Dana Declaration+20: Mobile Indigenous Peoples as Custodians for Conservation and Eco-Preservation of their Territories
Does the world acknowledge the contribution of mobile Indigenous communities to biodiversity conservation? The Dana Declaration 2002, unique for mobile Indigenous peoples, recognises them as custodians of Indigenous conservation knowledge. The Declaration will be revisited at the Dana+20 years meeting in September 2022 at Wadi Dana in Jordan. Delegates representing their communities from 21 world regions will discuss their inclusion in the global debate on climate change of traditional Indigenous knowledge. In the broader context of self-determination against the displacement of mobile Indigenous communities from historic grazing corridors and ancestral lands, the goal is outlining ways forward to improve engagement on the interrelated priorities of conservation, climate adaptation, resilience, and sustainable development.
In September 2022, mobile Indigenous peoples representing a sweep of diverse global regions, will be revisiting the goals of the Dana Declaration of 2002. The delegates at the Dana+20 meeting will represent their mobile Indigenous communities who engage in nomadic livelihoods such as pastoralism, hunting-gathering, and swidden agriculture. They will critically challenge issues such as displacement from ancestral lands leading to tenure insecurity, and state violence and criminalisation of mobile Indigenous peoples related to evictions. In addition to environmental degradation, these issues affect nomadic livelihoods.
The Dana Declaration 2002 was the first international legal norm recognising mobile Indigenous peoples and acknowledging their significant contribution to biodiversity conservation and eco-preservation. Being the first declaration unique to mobile Indigenous peoples, the Dana Declaration of 2002 framed in Wadi Dana, Jordan, is crucial to the recognition of their rights. It brings together a ‘comprehensive approach’ to conservation and mobile peoples, aiming for a wider recognition of mobile Indigenous peoples’ specialist knowledge of conservation developed through ancient practices of resource management and customary systems originating from their mobility and nomadic livelihoods. Drafted during the first World Decade on the Rights of Indigenous Peoples declared by the UN in 1994–2004, the Dana Declaration calls for the inclusion of Indigenous peoples’ knowledge in the development of policies of conservation in adaptive and collaborative management, drawing on the breadth of Indigenous conservation knowledge in a democratic and transparent manner.
The authors of the Dana Declaration stated, "Mobile peoples are discriminated against. Their rights, including rights of access to natural resources, are often denied and conventional conservation practices insufficiently address their concerns. These factors, together with the pace of global change, undermine their lifestyles, reduce their ability to live in balance with nature and threaten their very existence as distinct peoples." Though not legally binding, the Dana Declaration 2002 establishes a context for mobile Indigenous peoples’ rights, and raises awareness of a group that has been unjustly marginalised throughout history.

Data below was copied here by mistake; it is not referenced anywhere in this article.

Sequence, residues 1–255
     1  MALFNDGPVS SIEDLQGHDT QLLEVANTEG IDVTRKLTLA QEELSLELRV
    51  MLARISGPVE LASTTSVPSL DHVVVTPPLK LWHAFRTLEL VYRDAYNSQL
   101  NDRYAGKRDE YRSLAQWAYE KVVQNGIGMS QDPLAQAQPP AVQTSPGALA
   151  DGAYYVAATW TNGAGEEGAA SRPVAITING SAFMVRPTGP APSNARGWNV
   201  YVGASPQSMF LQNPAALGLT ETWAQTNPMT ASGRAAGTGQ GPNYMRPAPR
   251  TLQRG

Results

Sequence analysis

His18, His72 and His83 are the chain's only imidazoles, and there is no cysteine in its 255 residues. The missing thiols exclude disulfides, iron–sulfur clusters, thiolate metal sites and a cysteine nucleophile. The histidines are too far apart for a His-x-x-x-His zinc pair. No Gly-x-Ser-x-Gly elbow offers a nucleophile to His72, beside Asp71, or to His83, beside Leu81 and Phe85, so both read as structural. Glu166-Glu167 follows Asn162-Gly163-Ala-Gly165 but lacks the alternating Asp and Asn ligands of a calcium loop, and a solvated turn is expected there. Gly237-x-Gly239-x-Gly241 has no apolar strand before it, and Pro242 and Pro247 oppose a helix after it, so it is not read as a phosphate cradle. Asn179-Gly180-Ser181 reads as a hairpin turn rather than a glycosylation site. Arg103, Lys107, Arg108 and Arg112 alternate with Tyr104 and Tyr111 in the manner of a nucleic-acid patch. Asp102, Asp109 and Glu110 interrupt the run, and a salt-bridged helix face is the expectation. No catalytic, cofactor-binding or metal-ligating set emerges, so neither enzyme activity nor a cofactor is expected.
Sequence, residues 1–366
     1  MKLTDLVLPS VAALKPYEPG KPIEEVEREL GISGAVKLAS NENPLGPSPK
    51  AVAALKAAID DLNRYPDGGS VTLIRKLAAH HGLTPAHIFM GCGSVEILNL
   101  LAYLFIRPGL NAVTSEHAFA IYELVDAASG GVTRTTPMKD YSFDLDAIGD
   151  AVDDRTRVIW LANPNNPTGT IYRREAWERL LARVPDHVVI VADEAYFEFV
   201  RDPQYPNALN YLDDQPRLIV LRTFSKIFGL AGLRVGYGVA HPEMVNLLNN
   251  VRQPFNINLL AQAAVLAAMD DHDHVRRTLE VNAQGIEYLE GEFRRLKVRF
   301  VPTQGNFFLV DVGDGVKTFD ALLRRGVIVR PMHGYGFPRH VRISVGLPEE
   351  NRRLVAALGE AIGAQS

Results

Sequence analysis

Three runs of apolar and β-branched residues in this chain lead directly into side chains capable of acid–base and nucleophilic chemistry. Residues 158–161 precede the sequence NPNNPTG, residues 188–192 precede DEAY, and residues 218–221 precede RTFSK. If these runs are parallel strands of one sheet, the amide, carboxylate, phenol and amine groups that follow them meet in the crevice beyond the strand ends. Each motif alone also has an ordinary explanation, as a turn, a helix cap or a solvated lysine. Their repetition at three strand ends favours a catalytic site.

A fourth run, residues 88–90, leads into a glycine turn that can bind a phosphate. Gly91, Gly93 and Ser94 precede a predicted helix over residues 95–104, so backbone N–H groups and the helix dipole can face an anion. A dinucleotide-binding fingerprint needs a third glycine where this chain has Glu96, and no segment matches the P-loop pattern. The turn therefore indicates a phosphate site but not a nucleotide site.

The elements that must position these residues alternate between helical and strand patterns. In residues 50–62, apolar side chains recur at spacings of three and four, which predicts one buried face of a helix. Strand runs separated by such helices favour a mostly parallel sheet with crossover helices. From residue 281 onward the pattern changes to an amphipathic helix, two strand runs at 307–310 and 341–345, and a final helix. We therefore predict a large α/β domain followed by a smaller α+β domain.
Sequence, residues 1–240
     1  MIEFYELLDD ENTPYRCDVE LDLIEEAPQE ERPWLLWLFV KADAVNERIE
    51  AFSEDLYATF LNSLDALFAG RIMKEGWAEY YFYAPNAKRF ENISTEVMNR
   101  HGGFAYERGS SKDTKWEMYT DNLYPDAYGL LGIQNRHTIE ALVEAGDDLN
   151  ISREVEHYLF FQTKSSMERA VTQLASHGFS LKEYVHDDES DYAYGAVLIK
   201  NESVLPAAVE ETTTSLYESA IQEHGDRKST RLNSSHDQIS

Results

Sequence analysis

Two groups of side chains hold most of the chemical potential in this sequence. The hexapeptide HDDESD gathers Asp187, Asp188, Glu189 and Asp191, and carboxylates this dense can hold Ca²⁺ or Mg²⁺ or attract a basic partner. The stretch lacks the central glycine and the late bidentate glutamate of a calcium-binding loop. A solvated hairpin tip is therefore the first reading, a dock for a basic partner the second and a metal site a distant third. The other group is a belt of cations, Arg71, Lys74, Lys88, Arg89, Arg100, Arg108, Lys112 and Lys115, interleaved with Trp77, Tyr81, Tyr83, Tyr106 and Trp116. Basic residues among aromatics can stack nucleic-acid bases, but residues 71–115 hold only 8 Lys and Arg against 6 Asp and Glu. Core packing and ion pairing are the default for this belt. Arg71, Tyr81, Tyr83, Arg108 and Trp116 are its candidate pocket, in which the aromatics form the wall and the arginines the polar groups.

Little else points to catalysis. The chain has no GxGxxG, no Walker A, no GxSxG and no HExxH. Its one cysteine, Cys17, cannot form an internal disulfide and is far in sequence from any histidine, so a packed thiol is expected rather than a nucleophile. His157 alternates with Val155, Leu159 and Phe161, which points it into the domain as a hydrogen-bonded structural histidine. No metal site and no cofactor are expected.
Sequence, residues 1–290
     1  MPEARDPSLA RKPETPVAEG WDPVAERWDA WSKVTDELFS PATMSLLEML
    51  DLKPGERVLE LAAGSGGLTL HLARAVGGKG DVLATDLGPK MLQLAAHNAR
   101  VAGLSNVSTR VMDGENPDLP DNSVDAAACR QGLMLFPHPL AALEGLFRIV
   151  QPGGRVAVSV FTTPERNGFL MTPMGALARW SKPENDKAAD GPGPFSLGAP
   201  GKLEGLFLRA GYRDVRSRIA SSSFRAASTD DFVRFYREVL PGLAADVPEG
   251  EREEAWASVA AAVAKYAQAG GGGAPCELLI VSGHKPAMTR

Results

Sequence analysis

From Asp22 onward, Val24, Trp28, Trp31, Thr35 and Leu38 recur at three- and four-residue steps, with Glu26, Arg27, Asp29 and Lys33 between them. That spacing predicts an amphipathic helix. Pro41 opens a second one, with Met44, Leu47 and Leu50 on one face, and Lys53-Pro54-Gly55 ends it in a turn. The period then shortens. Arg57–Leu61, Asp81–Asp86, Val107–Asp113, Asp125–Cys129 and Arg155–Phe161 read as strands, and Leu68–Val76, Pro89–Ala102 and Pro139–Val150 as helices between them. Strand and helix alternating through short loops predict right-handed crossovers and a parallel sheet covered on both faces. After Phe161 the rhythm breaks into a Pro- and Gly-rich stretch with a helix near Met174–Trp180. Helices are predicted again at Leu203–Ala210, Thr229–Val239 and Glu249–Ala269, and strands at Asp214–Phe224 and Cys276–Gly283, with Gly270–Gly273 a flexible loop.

The IUCN was one of the parties to the Dana Declaration at Wadi Dana in Jordan in 2002 which was endorsed by four IUCN representatives. At the IUCN’s 4th World Conservation Congress in Barcelona in 2008, the Dana Declaration was also endorsed as part of the IUCN working principles for social development.
The Dana+20 workshop in September 2022 will bring delegates to Wadi Dana in Jordan, from global regions such as South America, Central Asia, South and East Asia, South East Asia, North Africa, Southern Africa, North America, Europe, and the Arctic Circle to share their concerns and experiences. In a world shaped by extractive industries, climate change, and forced displacement from ancestral lands, mobile Indigenous peoples are facing increasing pressures. The Dana+20 meeting will create a platform for them to work together to exchange knowledge and explore ways to respond to the rapid changes in their environment. At the Dana+20 meeting 2022, mobile Indigenous peoples will re-examine and revise the Dana Declaration to reflect their new and current concerns in the light of their commitment to eco-preservation of their territories of life which they have governed, managed and conserved as custodians.
Dr. Indrani Sigamany is a research consultant and capacity building specialist working with social justice and poverty alleviation. Indrani’s socio-legal research specializes in displacement of mobile indigenous peoples, gender, and human rights. Indrani has a PhD from the Centre for Applied Human Rights, University of York Law School, UK.